Home>Handbooks>Maintenance Management Guide>Give your hydraulic and electrical systems a health check

Give your hydraulic and electrical systems a health check

17 June 2014

Electrical and Hydraulic Systems need regular check-ups in order to maintain peak operational performance. Paul Hickman, an expert in drive technology at Bosch Rexroth, says that all-too-often end-users neglect to give these vital pieces of equipment the TLC they deserve.

Drives, motors, hydraulic power packs and actuators are too easily forgotten until something goes wrong. This reactive approach to maintenance and servicing fails to predict problems and leaves industry at the mercy of production downtime, much of which can be easily avoided.

To be fair, some industries are better than others. The print industry, for example, is usually a very close monitor of its drive and motor equipment because downtime is exceptionally costly. An hour’s lost production of a national newspaper will usually mean the printer picks up the entire cost of that nights print run.

This approach to Hydraulic System and Electrical drive maintenance and servicing needs to be embraced much wider. I would recommend an annual or at least bi-annual health check for a Hydraulic and Electrical System, ideally as part of a preventive maintenance programme. This regime of regular checking should include external sensors and couplings for damage and visual checking for signs of clogging and leakage with filters, valves, pipes and hoses, cylinders and heat exchangers.

The exterior of a drives cabinet will often offer the first clue to the overall health of a panel. In particular, the chilling unit can show evidence of where the buildup of heat is slowly damaging the drive technology. For example, plastic trunking distortion or a blocked air filter can potentially be an indication of panel overheating or that too many cables have been squeezed into a confined space.

It is also important to check the physical connections of all drives, motors and power supply units for adequate installation and condition. Typical problems include trapped encoder signal wires or cables with clamps or glands missing. It is not uncommon for example to find cabling routed through a door aperture which has become kinked. This may sound minor, but a trapped cable wears much quicker through the external insulation allowing coolant or other media to ingress.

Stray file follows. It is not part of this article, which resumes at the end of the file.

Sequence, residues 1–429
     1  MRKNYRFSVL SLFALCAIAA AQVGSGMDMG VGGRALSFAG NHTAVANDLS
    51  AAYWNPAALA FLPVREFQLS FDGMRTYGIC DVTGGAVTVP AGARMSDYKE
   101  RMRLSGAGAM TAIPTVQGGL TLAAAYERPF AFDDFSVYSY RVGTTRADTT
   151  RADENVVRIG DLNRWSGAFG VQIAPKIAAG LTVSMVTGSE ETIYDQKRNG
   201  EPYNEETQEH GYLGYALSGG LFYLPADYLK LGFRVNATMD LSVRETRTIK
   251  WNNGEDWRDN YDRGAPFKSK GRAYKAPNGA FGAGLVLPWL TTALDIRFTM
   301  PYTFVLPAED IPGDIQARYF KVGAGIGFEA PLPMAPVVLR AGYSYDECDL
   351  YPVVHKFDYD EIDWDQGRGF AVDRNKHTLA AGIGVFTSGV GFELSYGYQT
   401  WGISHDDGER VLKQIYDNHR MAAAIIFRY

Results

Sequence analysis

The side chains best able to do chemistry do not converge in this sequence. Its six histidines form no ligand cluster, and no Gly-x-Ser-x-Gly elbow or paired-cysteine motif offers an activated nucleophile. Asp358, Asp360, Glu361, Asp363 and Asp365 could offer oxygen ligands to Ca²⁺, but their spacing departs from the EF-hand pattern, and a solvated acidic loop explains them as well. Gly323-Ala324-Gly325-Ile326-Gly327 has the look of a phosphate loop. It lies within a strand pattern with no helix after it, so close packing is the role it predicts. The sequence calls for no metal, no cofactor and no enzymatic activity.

One of the most obvious signs of neglect or irregular cleaning and maintenance can be a build of dust in the cabinet. Dust is the enemy of temperature control and a small increase in temperature, which could be directly attributable to a blocked filter, will prematurely degrade electronic components. Blocked intake filters, for example, restrict air flow to the drive fan making it work harder and increasing the possibility of the drive overheating.

Temperatures within the panel should also be checked. This can be done in one of two ways, either with remote temperature monitoring via infra-red temperature guns or through the use of self-adhesive, maximum temperature storing thermometer strips. These strips can be used in different areas of the panel to gauge the air circulation levels or any condensation issues which can affect the electrics.

Similarly, it is important to check the temperatures within the main drives using thermal imaging photography of main drives enclosures. This can help identify further faults, such as loose connections or excessive heat within the drive which can cause fire.

Hydraulic and Electrical Systems and all the associated components are vital pieces of equipment, but all-too-often they are forgotten about and given little thought until something goes wrong.

The reality is that, with a little more care and attention, uptime can be dramatically improved and catastrophic and costly downtime avoided.